TALLAHASSEE — A massive "jobs bill" emerged Tuesday loaded with more than $218 million in tax breaks and economic incentives over three years designed to boost the Florida economy.
The space industry, film producers and manufacturers were the top beneficiaries with up to $70 million worth of incentives to targeted businesses in the coming year.
Other provisions in the 153-page bill range from a $1,000 tax incentive to businesses that hire unemployed workers to sales tax breaks for yacht buyers.
"Those dollars are not collected by any business unless they are creating jobs," said Rep. Will Weatherford, R-Wesley Chapel. "This is not a give-out."
But questionable provisions and the late emergence of a 34-prong package that includes the substance of 10 different House bills has generated concerns about whether it would help cut the state's record unemployment, which stands at 12.3 percent.
"It's really not going to give a great big shot in the arm," said Keith Fitzgerald, D-Sarasota. The bill's investment is not real money when you're trying to talk about getting a several billion-dollar economy going."
The lead House negotiator, Rep. Ellyn Bogdanoff, R-Fort Lauderdale, conceded she doesn't have hard numbers about how many jobs it would create. "I can't give you a specific on jobs because the government doesn't create jobs," she said. "This is about giving businesses incentives and opportunities through policy."
The legislation is a top priority for GOP leaders, who called it the largest economic development measure in the last decade, as the state's economy continues to sputter and an election nears.
The bill (SB 1752) was the first major legislation the Senate approved, and the House spent weeks negotiating a final price tag in conjunction with the state budget. House lawmakers are expected to vote on it today, and the changes will be considered by the Senate before the legislative session ends Friday.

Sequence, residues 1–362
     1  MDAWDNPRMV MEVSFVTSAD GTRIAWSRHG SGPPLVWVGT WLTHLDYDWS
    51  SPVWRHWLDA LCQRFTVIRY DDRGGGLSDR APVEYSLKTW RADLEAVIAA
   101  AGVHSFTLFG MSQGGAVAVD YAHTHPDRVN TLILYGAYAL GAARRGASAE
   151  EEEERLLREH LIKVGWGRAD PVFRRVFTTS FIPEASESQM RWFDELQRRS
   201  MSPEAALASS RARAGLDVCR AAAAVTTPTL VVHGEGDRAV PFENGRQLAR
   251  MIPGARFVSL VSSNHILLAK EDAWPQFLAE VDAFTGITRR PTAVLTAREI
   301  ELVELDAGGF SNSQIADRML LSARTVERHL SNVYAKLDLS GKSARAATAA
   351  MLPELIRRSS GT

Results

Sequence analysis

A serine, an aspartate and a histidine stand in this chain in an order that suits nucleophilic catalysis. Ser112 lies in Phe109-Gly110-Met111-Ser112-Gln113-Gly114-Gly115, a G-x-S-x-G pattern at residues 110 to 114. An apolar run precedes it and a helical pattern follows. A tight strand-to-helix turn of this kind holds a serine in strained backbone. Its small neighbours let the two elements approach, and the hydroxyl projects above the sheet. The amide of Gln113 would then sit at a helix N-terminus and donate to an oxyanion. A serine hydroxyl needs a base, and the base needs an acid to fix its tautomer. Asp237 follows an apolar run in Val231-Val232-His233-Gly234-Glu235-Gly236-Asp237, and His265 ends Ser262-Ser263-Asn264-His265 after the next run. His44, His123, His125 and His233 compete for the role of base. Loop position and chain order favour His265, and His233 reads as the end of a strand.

Democrats offered suggestions, including small-business help, but most were rejected.
The plan involves $30 million in state revenue, with another $20 million if Florida gets $880 million in federal Medicaid money. But the bulk of the incentives take the form of tax breaks.
One tax credit would go to businesses that hire workers who have been unemployed for at least 30 days. Capped at $5 million each year, it rewards businesses that keep workers for at least a year.
The biggest portion of the package — $242 million in tax breaks over five years — is aimed at the movie industry, but has a controversial measure allowing the transfer or sale of tax credits to major corporations like Walmart.
The credit pays for up to 20 percent of production, capped at $8 million. Family-friendly movies or filming during hurricane season bring extra incentives.
"These incentives are the linchpin for executive producers making the choice of whether to come here or not," said Rep. Kevin Amber, R-Tampa, who helped craft the film language.
The bill also has $16 million to create business opportunities and retrain workers in the uncertain space industry.
Other provisions would give $4 million in building grants to the defense industry; allow tax credits for builders of private roads; offer tax breaks for the purchase of airplanes by fractional owners; and require local governments to report the results of economic incentives.
The most controversial provision would cap the sales tax for large yachts at $18,000, which is the amount charged on $300,000 boats. It would cost $1.5 million. Proponents argue that buyers aren't really getting a break because high-end yachts are purchased through offshore companies to skirt the tax.